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  • Writer's pictureThe San Juan Daily Star

Jan. 6 hearings to resume next week with focus on domestic extremists

Rep. Liz Cheney (R-Wy.) and Rep. Jamie Raskin (D-Md.) along with other committee members arrive for the fourth hearing held by the House committee investigating the Jan. 6, 2021 attack on the Capitol, in Washington on June 21, 2022.

By Luke Broadwater

The House committee investigating the Jan. 6 attack on the Capitol plans to hold a hearing next Tuesday to reveal its findings about the connections between former President Donald Trump’s effort to overturn the 2020 election and the domestic violent extremist groups that helped to organize the siege on Congress.

The panel announced that the session would take place Tuesday at 10 a.m. Eastern time. It is expected to be led by Reps. Jamie Raskin, D-Md., and Stephanie Murphy, D-Fla., who plan to chart the rise of the right-wing domestic violent extremist groups that attacked the Capitol and how Trump amassed and inspired the mob. The panel also plans to detail known links and conversations between political actors close to Trump and extremists.

The hearing will be the first since the explosive, surprise testimony last week by Cassidy Hutchinson, a junior-level aide in Trump’s White House who came forward to provide a damning account of the president’s actions on Jan. 6, 2021. She recounted how Trump, knowing his supporters were armed and threatening violence, wanted to relax security measures to allow them to move around Washington freely, urging them to march to the Capitol and seeking to join them there.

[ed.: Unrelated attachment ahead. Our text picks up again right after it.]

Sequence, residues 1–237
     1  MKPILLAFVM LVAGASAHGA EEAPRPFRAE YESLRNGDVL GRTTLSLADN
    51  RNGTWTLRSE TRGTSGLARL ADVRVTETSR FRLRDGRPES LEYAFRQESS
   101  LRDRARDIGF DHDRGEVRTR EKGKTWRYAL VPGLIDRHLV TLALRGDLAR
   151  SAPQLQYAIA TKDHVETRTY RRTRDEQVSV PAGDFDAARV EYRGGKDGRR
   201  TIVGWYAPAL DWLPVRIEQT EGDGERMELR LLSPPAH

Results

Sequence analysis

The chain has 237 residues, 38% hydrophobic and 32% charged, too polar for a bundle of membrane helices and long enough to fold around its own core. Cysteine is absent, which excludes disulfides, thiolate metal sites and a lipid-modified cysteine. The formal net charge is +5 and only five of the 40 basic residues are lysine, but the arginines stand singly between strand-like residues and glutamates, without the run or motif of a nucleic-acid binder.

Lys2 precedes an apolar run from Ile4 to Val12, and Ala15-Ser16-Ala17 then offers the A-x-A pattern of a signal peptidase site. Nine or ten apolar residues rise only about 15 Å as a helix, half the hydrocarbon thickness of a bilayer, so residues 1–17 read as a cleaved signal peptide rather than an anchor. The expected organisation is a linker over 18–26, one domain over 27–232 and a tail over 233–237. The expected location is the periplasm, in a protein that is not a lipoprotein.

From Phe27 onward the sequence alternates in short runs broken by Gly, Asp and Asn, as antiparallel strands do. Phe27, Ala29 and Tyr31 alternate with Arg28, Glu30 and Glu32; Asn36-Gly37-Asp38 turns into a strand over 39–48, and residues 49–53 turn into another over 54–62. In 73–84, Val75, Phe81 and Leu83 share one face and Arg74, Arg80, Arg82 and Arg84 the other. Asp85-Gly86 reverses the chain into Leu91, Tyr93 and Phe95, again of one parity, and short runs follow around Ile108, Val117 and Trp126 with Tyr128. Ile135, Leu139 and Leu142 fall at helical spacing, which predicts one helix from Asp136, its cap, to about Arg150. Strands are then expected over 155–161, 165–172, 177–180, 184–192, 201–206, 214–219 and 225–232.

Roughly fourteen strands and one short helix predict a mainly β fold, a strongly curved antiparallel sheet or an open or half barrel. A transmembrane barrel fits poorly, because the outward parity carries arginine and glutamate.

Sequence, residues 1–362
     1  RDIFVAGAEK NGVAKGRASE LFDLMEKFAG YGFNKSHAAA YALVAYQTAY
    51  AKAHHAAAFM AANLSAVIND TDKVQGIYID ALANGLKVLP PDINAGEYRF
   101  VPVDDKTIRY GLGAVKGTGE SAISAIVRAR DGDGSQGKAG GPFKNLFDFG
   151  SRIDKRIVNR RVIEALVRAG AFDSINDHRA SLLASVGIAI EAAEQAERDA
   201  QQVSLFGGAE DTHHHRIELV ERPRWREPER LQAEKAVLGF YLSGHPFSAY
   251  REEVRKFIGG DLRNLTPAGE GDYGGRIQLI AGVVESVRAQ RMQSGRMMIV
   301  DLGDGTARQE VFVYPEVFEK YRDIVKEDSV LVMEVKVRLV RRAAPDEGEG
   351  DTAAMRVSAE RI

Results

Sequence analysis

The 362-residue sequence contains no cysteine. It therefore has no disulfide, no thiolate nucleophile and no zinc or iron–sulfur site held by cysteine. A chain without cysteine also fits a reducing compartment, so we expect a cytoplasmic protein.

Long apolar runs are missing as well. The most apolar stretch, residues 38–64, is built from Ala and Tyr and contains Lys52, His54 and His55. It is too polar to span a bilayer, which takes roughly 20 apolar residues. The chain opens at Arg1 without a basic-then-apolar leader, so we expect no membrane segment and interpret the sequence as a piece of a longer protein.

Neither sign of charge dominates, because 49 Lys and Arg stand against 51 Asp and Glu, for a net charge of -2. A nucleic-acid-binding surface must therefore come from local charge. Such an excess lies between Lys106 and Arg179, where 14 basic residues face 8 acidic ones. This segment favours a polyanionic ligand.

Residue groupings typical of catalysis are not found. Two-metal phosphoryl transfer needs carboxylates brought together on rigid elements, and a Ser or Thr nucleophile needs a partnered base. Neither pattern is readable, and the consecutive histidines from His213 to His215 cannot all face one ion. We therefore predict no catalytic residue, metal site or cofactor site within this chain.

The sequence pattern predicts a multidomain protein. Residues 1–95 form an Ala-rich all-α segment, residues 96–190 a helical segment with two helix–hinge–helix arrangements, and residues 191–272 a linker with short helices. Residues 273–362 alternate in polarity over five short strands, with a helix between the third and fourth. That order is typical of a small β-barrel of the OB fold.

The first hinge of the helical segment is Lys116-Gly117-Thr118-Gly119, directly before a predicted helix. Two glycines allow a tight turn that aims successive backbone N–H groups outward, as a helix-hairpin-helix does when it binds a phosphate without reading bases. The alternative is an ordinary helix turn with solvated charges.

She testified to having overheard a conversation in which Mark Meadows, the White House chief of staff and her boss at the time, said that Trump had privately sided with the rioters as they stormed the building and called for the hanging of Vice President Mike Pence, saying that he deserved it and that his supporters were doing what they should be doing.

The select committee has held seven public hearings to date, beginning with one last year in which it highlighted the testimonials of four police officers who battled the mob and helped secure the Capitol.

After conducting more than 1,000 interviews, the committee began a series of public hearings last month to lay out the findings of its investigation, including one in which it focused heavily on the role the Proud Boys extremist group played in the storming of the building.

The next session focused on how Trump spread the lie of a stolen election even as he was told repeatedly that the vote was legitimate, ripping off his donors and deceiving his supporters in the process. Subsequent hearings focused on how Trump pressured Pence, state officials and the Justice Department in a barrage of increasingly desperate efforts to overturn the election.

In a recent interview with The New York Times, Raskin declined to provide specific details about communications between political actors close to Trump and militia groups. But he said it was clear that no mob would have come to Washington or descended on the Capitol were it not for Trump’s direction.

“Donald Trump solicited the mob; he summoned the mob to Washington,” Raskin said, adding, “All of this was targeted on the joint session of Congress.”

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